|<from my bookshelf >|
The behavior of the stock market is inherently so complex that no single variable can predict how the market is going to behave next or what would be its future returns - at least not on a regular and consistent basis.
Market swing like pendulum from optimistic to pessimistic and occasionally overshooting which resulted a panic situation.
In the long run, corporate earnings and dividends have provided a steady underlying stock market return.
These fundamentals of economics are the result of growth, productivity, and prosperity in our economy. Whereas emotional returns on stocks represent the impact of changing public opinion about stock valuations – again it changes from month to month and daily from optimism to pessimism, we called it PE return.
As you may notice , I have a series of collection of “ The Little Book of XXX “ in my book list. For those unaware, the series by Wiley Publishing is a series of small hardcover books. Each entry in the series seeks to explain in layman’s terms a specific investment strategy and how an individual can execute that strategy.
My favorite book in the series was the one written by John C. Bogle “ The Little Book of Common Sense Investing “.
As we know that John C Bogle is the founder and retired CEO of The Vanguard Group : an American investment management company based in Malvern, Pennsylvania, that manages approximately $3.6 trillion in assets. It is the largest provider of mutual funds and now the second-largest provider of exchange-traded funds (ETFs) in the world after BlackRock, with about $451 billion in ETF assets under management.
Of course , the main topic of the book is about “ Index Investing “ but there is another important message one can gain from the book which is about “ Investment Return vs Market Return “ in the long run.
In his book , he explained that “ the average annual total return on stock was 9.6% , virtually identical to the investment return of 9.5% - i.e 4.5 % from dividend yield and 5 % from earning growth. That tiny difference of 0.1% per year arose from what I call “speculative return “.
Total Market Return = Investment Return ( Earning growth+ Div Yield ) + Speculative Return (impact of P/E change )
He further explained “ Stock market returns sometimes get well ahead of business fundamental ( as in late 1920s , the early 1970s, and the late 1990s). But it has been only a matter of time until , as if drawn by a magnet , they soon return, although ofthen after falling well behind for a time ( as in mid-1940s , the late 1970s and early 2000s ). In our foolish focus on the short term market distraction of the moment , we , too , often overlook this long history. Rather , the reason that annual stock returns are so volatile is largely because of “emotions “ of investing.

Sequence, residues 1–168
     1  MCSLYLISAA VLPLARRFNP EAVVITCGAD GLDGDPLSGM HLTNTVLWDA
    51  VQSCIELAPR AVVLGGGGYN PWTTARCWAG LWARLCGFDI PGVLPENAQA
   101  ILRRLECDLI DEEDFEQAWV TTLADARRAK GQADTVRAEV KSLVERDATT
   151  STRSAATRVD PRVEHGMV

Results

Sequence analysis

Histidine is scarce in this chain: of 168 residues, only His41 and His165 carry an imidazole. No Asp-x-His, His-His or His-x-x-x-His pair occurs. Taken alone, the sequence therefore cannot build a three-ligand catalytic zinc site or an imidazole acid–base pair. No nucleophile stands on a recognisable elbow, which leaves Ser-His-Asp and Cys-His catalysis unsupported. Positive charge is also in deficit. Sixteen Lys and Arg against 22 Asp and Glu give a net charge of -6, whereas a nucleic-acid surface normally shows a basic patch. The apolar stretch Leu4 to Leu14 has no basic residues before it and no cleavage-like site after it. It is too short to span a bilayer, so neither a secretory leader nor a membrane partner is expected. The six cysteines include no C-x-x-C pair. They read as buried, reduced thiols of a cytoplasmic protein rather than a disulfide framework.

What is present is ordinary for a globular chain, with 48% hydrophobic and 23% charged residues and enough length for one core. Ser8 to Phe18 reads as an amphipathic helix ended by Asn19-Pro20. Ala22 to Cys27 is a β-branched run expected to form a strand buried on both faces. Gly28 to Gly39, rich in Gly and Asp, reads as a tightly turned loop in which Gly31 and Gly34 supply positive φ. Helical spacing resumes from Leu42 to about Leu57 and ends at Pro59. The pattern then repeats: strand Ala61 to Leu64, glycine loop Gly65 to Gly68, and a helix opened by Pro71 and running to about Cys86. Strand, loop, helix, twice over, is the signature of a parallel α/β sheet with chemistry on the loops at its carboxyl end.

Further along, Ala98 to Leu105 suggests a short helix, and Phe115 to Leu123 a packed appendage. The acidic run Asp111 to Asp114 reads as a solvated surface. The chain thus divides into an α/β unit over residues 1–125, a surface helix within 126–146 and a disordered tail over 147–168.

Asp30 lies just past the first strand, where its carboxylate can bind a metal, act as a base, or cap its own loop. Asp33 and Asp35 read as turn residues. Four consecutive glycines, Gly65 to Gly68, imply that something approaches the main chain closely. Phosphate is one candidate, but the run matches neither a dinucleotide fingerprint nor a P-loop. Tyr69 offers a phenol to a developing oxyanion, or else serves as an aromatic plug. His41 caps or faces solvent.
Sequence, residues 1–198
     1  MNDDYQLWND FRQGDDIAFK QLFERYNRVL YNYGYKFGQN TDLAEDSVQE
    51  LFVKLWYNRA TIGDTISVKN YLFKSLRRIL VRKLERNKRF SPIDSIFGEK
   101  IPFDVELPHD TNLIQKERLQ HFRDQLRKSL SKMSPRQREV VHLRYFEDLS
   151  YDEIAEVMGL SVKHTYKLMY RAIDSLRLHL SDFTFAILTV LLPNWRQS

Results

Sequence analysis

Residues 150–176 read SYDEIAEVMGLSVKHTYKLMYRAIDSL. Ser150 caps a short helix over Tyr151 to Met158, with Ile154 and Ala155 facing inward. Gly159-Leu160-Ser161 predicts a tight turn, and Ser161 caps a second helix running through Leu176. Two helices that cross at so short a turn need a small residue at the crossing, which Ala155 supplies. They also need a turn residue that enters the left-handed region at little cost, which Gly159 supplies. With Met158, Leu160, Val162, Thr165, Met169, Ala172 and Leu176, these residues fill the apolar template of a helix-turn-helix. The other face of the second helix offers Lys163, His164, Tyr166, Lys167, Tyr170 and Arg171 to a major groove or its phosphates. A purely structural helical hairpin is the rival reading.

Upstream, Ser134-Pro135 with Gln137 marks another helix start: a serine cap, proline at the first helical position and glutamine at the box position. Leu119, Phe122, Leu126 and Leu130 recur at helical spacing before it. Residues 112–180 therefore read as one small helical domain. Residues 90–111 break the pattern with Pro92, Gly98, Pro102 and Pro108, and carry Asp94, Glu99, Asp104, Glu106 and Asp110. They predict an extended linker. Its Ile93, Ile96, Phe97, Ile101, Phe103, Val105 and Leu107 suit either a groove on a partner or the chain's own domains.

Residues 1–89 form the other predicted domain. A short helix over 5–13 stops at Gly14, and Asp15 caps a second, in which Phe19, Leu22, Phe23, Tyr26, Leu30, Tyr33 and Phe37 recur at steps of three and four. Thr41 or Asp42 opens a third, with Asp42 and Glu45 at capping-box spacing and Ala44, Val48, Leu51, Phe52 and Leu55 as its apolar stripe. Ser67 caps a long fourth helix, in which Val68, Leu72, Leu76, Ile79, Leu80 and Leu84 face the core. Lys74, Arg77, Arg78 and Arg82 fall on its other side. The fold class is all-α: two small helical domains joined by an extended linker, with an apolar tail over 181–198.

Speculative Return by Decade
In Chapter 2 , he also mentioned that :”Speculative return , compared with the relative consistency of dividends and earnings growth over the decades, truly wild variations in speculative return punctuate the chart as P/E ratio wax and wane . A 100% rise in the P/E , from 10-20 times over a decades , would equate to 7.2 % annual speculative return.
Curiously , without exception, every decade of significantly negative speculative return was immediately followed by a decade in which it turned positive by a correlative amount…. The quite 1910s and then the roaring 1920s, the dispiriting 1940s and then the booming 1950s, the discouraging 1970s and then the soring 1980s --- reversion to mean ( RTM ) writ large.”
Total Stock Return by Decade
“Despite the huge impact of speculative return – up and down- during most of the individual decades, there is virtually no impact over the long term. The average annual total return on stocks of 9.5% has been created entirely by enterprise , with only 0.1% point created by speculation. “ as he summarized in this book.
The message is clear , in the long run, stock returns depend almost entirely on the reality of investment returned by our corporation.
Predicting Future Stock Market Returns
In May 2016 , McKinsey & Co published a report forecasting a lower returns of stock in coming decade and warn investors to lower their expectations.
You may find the report here (click ).
But what about the “ speculative return “ which is driven entirely by “animal spirit “ and really hard to predict ?
As the great British economist John M Keynes written 70 years ago “ It is dangerous .. to apply to the future indicative argument base on past experience.”
While we try to do the future stock returns forecast , one must be “realistic “ on long term stock return expectation which is very much correlated to “ corporate earning and economic activities “ , and be “ aware “ of huge swing in “ speculative return “ from year to year or decade to decade and from optimism to pessimism .
So , What is your predictions of stock market returns in 2017 !!
“ Over time , the aggregate gains made by shareholders must of necessity match the business gain of the company. “ Warren Buffett
“ The stock market is a giant distraction.” John C Bogle